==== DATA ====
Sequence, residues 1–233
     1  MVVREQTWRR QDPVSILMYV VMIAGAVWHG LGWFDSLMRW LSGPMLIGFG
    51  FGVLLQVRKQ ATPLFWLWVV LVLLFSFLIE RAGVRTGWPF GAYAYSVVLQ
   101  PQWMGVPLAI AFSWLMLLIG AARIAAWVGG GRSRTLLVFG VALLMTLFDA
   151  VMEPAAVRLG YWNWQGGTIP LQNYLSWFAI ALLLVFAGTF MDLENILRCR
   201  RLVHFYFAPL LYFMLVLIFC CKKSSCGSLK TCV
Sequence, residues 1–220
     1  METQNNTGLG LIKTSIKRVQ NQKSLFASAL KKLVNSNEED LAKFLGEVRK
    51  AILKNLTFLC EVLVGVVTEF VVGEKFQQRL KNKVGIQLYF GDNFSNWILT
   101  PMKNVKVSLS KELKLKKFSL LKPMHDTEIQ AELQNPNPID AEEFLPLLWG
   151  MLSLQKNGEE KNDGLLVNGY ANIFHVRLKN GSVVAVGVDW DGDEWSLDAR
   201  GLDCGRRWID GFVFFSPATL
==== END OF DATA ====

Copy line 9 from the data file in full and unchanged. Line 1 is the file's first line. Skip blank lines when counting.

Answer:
    51  AILKNLTFLC EVLVGVVTEF VVGEKFQQRL KNKVGIQLYF GDNFSNWILT